By Thomas Manss (designer) and Mike Reed (writer)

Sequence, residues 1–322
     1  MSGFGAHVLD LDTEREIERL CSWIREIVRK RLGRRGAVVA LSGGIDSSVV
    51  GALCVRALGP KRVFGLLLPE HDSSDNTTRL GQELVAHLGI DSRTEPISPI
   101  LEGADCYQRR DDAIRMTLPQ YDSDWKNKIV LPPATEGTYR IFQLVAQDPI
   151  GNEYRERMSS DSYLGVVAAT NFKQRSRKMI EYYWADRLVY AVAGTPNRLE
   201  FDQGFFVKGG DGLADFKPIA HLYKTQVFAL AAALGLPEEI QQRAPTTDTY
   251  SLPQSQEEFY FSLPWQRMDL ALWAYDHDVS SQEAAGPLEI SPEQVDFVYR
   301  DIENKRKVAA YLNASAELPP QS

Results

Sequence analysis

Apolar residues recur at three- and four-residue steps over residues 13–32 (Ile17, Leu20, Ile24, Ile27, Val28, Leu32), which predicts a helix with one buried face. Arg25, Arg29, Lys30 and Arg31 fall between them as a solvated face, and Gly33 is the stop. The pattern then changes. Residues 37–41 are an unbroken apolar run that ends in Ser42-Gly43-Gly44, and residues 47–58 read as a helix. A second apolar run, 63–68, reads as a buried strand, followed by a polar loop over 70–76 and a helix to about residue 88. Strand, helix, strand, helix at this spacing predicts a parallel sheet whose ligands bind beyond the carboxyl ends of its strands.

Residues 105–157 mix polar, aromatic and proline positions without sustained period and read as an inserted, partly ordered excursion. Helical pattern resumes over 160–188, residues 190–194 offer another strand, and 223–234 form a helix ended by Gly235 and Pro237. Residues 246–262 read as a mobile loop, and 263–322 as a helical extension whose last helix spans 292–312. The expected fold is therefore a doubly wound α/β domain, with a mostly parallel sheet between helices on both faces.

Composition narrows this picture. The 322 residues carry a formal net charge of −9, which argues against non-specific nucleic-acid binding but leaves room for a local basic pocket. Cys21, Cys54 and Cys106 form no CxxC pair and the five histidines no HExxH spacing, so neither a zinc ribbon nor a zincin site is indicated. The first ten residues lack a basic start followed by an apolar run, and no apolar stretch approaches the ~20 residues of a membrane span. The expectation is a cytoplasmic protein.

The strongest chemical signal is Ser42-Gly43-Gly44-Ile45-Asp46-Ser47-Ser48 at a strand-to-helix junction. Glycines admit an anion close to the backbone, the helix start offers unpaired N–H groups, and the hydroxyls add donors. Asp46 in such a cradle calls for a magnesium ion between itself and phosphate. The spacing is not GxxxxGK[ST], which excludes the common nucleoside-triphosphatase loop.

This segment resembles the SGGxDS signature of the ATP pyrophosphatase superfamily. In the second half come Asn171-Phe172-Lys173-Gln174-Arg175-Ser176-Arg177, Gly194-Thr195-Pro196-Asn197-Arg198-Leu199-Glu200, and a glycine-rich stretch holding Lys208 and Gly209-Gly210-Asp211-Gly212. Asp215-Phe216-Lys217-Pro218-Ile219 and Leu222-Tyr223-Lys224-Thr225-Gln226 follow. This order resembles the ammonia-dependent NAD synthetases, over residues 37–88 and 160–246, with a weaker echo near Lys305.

Malcolm was Little for 27 years. Then he became X and got a great deal bigger. The roots of that change ran deep. His father Earl Little, a civil rights activist, was killed in 1931, two years after the family home burned down. Both were classed as accidents by the police. Meanwhile, Malcolm's ambitions were brutally crushed: a teacher told him the law was 'no realistic goal for a nigger'. After turning to crime, Malcolm education himself in prison, copying the entire dictionary in longhand. He also discovered the Nation of Islam. He took the name 'X' to represent his family's lost African name, which had been replaced by the 'slave name' Little. Malcolm left the NOI, disillusioned, in 1963. In February 1965, he was gunned down in the Audubon Ballroom, New York. Three NOI men were convicted: Talmadge Hayer, Norman 3X Butler and Thomas 15X Johnson. (NOI Members with the same surnames were given numbers to tell them apart.) But Malcolm X's place in the history of civil rights was already assured. The writer Douglas Coupland is credited with popularising the term 'Generation X' to describe those born in the 1960s and 70s, who drifted into bleak lives and 'McJobs'. Coupland says, 'the whole point is that there never was or will be a definition.' But there is a sensibility. When a fellow named Warren badgered Coupland to produce branded T-shirts, Coupland said: 'Warren, keep your money, because nothing could be less X than wearing a T-shirt saying Generation X.' If you understand why, maybe you understand X. For the writer of this poster, an Englishman, x provides a measure of his words. 'x-height' is a standard measurement of any typeface - the height of its lower-case letters, not including 'ascenders; or 'descenders'. (This isn't the same as point size, which varies between fonts.) But as usual, when you think you've found some sort of consistent standard, it vanishes. For the designer of this poster, a German, typefaces are measured by their 'n-height'. Typical. 'X marks the spot' is often associated with Treasure Island, but the phrase never appears in the book. Its origin is as deeply buried as pirate gold. Some more modern 'pirates', though, have had reason to fear X. In 1930, a book of photographs, X Marks the Spot: Chicago Gang Wars in Pictures exposed gangland brutality. It also horrified Al Capone that he ordered it cleared from the shelves. And in Howard Hawks; 1931 movie Scarface, signifies death: when Boris Karloff is killed in a bowling alley, for instance, a ball scatters all the skittles - a "strike", marked with an X. In 1984, the Canadian poet and musician Robert Priest wrote a story called The Man Who Broke Out of the Letter X, in which a 'beautiful' man breaks out of the letter X and runs screaming in terror around an unnamed city. He's finally caught in a net and dies, horrified. It is a very, very peculiar story indeed. During the Middle Ages, illiterates (which was just about everybody), signed their names with the sign of the Cross, then sealed it with a kiss. So x became a kiss. An X on a beer cask used to mean the ten-shilling duty had been paid. So it became a sign of good quality. Later trademarks used XX or XXX to suggest strength. We still think of X (which replaced the original H for 'Horror' in 1951) as the sign of strong cinematic stuff 20 years after it was replaced by the less emotive 18. Although not all filmmakers have forgotten the advantages of being branded XXX. X is well known as a sign for the mysterious and unknown. We have The X-Files, Brand X, the X Factor and X-Men. In algebra, x is the basic symbol for an unknown quantity. Some say this is all René Descartes' fault. He chose Z as his primary unknown, then he worked backwards through Y and X. Legend has it that his printer kept running out of Zs and Ys, but had plenty of Xs. So x became the basic sign of the unknown in Descartes' Géometrie. (Certainly, 19th Century printers had a habit of using x when they ran out of other letters.) Another theory is that the Arabic shei (which means 'a thing' or 'something') was translated into Greek as xei. Victor Hugo's theory was that 'x signifies crossed swords, combat - who will be the victor? Nobody knows - that is why philosophers used x to signify fate and the mathematicians took it for the unknown'. But that's writers for you. It seems fitting that the origins of X as a symbol of the unknown are themselves a bit of a mystery. X hasn't been a proper letter for centuries. The Romans attached the Greek sound 'ks' from xi to the Greek letter chi previously a 'ch' sound. (This was the first letter of 'Christ', which is why we have Xmas.) In English, unlike other letters, X doesn't have its own sound. As Ben Johnson said, X 'is rather an abbreviation, or way or short writing…, than a Letter. For it hath the sound of k and s.' In fact it hath the sounds of many letters. X in zylophone, for egzample, sounds different to X in ankshious or ekzamine. That makes it, according to Ambrose Bierce, 'a needless letter'. Maybe even an ex-letter? NEW LIGHT SEES THROUGH FLESH TO BONES! yelled the newspapers. In November 1895, Wilhelm Roentgen discovered a new form of radiation so mysterious he named it after the mathematician unknown: 'x-rays', Roentgen won the first ever Nobel prize for Physics, while 'bone portrait' studios sprung up everywhere, and a London firm produced 'x-ray-proof' lead underwear. An Iowa farmer even claimed to have used x-rays to transform base metal into gold. But everybody saw straight through that one.